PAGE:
After a lull, the south-west monsoon is expected to revive, specially in the eastern region, in the next few days while other regions continue to witness dry spell for a week or so.
According to India Meteorological Department (IMD), the quantum of monsoon rainfall across the country during June 1-July 14 has been 274.2 millimetres, which is 5% less than the benchmark of 289.5 mm arrived on the basis of a 50-year average rains.
IMD said the rainfall across all the regions is expected to be revived only by July 23 while many parts of eastern and central regions would continue to get moderate to heavy rains during the next one week.
However, Met department officials said that with the exception of north-western region, all the other regions have received less than normal rainfall till now. Besides the rainfall across the country in the first two weeks of July had been around 33% less than normal benchmark.
While June rainfall constitute 18% of the total rainfall received during monsoon (June- September) period, the showers during July (33%) and August (29%) is critical for kharif sowing.
On the regional distribution, the north-west region has received a huge 20% excess rainfall than normal benchmark while the central India has received 11% less rainfall than normal. While south peninsula has 14% less rainfall than normal so far, eastern and north-eastern regions have received 8% less rainfall than normal.
“Heavy rainfall would occur over Jammu & Kashmir, Himachal Pradesh, Uttarakhand, coastal Karnataka, Kerala, Punjab, Haryana, Uttar Pradesh, Madhya Pradesh, Chhattisgarh, Jharkhand, West Bengal and south interior Karnataka,” IMD said in its prediction for the next couple of days.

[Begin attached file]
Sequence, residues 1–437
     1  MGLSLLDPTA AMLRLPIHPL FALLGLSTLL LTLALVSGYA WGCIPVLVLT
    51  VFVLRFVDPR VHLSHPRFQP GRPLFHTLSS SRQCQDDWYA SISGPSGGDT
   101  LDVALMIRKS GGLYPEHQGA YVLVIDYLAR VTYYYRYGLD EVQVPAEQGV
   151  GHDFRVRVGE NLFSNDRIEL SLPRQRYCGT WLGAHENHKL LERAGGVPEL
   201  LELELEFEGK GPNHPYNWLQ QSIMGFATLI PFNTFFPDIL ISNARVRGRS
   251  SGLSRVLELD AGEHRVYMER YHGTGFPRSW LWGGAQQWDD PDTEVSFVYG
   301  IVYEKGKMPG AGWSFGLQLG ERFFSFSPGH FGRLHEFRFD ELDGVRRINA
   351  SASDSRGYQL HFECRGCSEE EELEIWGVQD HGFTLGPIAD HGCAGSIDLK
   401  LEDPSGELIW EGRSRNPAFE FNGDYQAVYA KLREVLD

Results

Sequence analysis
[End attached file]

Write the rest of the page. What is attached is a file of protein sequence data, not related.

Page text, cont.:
The Met department said that the south-west monsoon has been vigorous over Arunachal Pradesh and Rayalaseema and active over Assam, Meghalaya, West Bengal, Sikkim, Bihar and coastal Andhra Pradesh during the past 24 hours.
The kharif or summer crop sowing has jumped by more than 57% until last week in comparison to a year earlier because of widespread distribution of monsoon rains in June.
The IMD last month had revised downward its forecast of seasonal rainfall (June-September) for this year to 88% of a long-period average (LPA), from 93% reported in May. However, private forecaster Skymet has predicted a normal monsoon, with showers at 102% of the LPA.
Besides, the Met department has also predicted that the rainfall over the country is likely to be 92% of LPA during July and 90% of LPA during in August. LPA is calculated on the basis of the average annual rainfall recorded between 1951 and 2000 (89 cm) for the the June to September period.